When you know more, you have more options when it comes to retirement planning. Contact a retirement professional to obtain the knowledge you need to make the best decisions for your retirement nest egg.
My consultation is free. Call Toll Free: 833-313-7233.

July 21st, 2013 by

According to a recent AARP survey, approximately 72 percent of not-retired baby boomers expect to be forced to delay retirement due to a financial roadblock—and half have little confidence they will ever be able to retire.1

retirement-planning-together
Regardless of what demographic you may find yourself in before retirement, you may be feeling anxious about retirement. Yes, you might feel like you should have more money saved already and you worry about being able to work longer in order to “have more put away”. Other times, if you financial house is in order, the anxiety can stem from the uncertainty of unscheduled time, losing long-time office friendships and the fear of boredom.

So, here are a few tips to help you overcome the Pre-Retirement Jitters:

1) Plan Ahead Financially
Planning for your nest egg can be a procrastinated effort. Therefore, I always counsel that starting to focus on retirement planning early will decrease the amount of anxiety you feel the closer to get to retirement. The closer you are to retirement, the more likely you are going to need a professional to help you navigate how to wisely make decisions about your money. I specialize in retirement planning strategies, so I’m the kind of person you should be talking with.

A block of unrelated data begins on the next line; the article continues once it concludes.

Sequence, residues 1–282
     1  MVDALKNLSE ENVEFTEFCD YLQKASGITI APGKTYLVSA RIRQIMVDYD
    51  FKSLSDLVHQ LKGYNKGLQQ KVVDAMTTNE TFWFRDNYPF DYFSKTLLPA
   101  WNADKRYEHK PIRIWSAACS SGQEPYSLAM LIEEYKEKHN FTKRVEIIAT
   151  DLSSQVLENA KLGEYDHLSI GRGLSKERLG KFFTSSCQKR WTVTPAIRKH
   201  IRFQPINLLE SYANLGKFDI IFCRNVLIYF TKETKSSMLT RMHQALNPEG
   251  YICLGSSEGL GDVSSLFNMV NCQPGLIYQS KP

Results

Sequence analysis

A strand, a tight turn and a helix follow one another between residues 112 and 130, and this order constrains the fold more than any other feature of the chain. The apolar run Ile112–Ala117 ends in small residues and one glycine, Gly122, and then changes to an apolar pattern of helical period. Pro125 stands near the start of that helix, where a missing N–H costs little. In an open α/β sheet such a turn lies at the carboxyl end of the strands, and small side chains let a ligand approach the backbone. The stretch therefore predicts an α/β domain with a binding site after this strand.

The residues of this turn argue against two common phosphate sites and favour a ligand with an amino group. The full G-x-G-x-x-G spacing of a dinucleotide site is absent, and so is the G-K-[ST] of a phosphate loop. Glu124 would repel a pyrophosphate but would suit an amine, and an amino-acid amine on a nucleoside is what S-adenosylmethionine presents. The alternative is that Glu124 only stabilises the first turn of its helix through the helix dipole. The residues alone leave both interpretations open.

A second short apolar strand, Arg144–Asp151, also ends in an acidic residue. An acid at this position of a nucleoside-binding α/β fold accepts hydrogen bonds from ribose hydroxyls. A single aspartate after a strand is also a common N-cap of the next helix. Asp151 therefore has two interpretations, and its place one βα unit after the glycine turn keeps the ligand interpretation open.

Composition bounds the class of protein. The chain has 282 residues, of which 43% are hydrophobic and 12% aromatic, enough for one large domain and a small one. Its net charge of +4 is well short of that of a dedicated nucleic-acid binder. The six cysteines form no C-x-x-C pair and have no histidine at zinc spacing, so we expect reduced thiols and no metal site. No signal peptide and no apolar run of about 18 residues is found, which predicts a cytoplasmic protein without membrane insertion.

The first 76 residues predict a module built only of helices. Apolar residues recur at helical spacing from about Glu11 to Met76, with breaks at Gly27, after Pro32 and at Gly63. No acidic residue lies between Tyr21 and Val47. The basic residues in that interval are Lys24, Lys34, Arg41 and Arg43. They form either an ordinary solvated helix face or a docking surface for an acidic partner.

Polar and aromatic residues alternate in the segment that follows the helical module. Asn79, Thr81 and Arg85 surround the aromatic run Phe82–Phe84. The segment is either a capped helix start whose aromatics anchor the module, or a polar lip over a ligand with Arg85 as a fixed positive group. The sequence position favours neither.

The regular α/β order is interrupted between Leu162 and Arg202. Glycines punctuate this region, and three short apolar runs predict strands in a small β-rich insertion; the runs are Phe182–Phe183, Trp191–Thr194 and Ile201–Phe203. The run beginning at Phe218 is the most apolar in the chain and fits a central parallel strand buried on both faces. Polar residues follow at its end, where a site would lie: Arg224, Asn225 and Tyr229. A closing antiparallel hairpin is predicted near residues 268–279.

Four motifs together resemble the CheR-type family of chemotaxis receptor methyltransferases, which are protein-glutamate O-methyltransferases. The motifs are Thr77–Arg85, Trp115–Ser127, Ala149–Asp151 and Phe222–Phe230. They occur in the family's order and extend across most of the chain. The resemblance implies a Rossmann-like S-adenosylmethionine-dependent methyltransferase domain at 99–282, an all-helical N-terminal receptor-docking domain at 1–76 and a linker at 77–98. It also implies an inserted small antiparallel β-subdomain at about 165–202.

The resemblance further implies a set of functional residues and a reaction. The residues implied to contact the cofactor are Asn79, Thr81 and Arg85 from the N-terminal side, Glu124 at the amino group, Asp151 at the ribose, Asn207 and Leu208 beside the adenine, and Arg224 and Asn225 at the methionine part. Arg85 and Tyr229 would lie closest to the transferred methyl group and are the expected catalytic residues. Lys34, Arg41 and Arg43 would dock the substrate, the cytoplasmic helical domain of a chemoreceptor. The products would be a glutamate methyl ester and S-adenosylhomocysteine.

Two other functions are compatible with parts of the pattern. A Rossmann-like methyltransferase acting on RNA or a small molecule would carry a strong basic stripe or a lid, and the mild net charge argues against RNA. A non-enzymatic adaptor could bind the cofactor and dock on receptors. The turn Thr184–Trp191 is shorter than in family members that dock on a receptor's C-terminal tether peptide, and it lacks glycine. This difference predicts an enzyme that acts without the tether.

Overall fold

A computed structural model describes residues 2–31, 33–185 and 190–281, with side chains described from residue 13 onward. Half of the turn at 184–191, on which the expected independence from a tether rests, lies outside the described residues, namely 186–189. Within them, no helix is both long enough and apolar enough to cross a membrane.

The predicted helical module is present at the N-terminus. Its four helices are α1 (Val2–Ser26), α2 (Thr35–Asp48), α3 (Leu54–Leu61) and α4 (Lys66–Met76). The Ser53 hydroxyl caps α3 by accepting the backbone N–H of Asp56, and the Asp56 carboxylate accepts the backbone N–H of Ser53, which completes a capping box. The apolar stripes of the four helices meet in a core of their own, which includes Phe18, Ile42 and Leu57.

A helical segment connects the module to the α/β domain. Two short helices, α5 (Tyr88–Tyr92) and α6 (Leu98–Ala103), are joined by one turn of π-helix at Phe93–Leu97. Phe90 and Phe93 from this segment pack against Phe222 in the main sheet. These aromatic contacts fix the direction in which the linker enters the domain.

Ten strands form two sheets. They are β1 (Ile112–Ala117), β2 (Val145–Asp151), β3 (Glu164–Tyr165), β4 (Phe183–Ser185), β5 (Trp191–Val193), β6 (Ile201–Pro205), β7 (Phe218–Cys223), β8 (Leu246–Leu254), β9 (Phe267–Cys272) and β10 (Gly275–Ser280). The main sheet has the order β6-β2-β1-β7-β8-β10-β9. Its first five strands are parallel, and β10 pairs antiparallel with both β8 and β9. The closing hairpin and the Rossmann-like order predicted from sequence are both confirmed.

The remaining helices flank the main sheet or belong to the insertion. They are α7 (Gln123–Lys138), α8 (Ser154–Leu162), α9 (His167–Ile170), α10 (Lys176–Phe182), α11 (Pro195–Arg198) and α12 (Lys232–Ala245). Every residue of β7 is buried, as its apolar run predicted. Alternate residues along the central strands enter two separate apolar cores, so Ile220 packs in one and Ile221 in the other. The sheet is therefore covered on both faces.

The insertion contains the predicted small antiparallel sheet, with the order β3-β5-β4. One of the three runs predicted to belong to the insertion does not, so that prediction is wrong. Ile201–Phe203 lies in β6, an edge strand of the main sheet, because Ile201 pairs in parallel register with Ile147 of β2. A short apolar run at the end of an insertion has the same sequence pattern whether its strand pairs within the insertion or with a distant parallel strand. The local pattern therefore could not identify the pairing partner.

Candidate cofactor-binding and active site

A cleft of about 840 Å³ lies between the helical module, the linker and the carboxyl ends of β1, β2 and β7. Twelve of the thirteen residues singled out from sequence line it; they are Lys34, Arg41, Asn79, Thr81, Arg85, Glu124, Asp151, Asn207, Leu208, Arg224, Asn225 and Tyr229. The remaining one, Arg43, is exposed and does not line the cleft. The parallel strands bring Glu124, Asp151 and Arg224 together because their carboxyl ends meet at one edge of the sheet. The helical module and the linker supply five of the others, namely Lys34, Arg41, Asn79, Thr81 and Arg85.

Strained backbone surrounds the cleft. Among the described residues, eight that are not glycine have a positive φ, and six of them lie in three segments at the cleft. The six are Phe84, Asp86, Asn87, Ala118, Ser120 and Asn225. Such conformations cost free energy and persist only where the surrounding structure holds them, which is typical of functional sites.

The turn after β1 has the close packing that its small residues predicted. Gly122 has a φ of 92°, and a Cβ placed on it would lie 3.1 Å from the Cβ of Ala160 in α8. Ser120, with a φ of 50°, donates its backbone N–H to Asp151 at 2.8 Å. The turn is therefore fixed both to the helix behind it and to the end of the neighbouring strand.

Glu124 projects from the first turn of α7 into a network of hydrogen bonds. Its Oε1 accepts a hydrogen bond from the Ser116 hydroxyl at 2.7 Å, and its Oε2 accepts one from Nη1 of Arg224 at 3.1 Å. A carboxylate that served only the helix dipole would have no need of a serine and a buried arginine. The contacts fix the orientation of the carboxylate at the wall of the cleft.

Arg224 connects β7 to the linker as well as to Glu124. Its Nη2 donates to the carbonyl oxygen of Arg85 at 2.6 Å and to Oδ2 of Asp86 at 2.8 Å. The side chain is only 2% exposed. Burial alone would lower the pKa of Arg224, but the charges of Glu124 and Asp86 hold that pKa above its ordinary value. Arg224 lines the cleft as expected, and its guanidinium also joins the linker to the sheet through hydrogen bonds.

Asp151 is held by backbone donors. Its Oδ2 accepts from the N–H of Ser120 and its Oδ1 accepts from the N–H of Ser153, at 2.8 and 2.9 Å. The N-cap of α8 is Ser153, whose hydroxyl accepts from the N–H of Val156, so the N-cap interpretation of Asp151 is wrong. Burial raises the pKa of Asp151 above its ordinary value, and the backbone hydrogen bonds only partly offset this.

2) Redefine Yourself
Retirement years are for giving yourself permission to slow down a little, create your own schedule and pursue your dreams. Redefine retirement as a time of opportunities rather than an end to decades of a work career. Redefine your goals and interests to be outside of your long-term occupation or industry.

3) Stimulate Yourself
Make it a habit to apply yourself in areas that stimulate your mind and body. Pursue a sport you have always wanted to do, but didn’t have the time for. Join a club that has social dinners and game nights. Try learning a new language and make it a goal to volunteer in a non-profit organization in a different country. Before starting retirement, find things that you enjoy outside of work.

4) Rekindle With Your Spouse
In the twilight years, it is ultra important to rekindle your relationship with your spouse. Having a partner by your side, who supports and encourages you while you pursue your goals, can add years of health and stability to your retirement years. I recommend scheduling “date nights” or short get-a-ways on a regular basis to ensure there is separation between the day-to-day and having something to look forward to.

Don’t be forced to navigate retirement planning by yourself.

Contact me for a free consultation.
Toll Free 1-833-313-7233.

Source: 1. US News Money 2/22/13 http://money.usnews.com/money/personal-finance/articles/2013/02/22/cures-for-pre-retirement-anxiety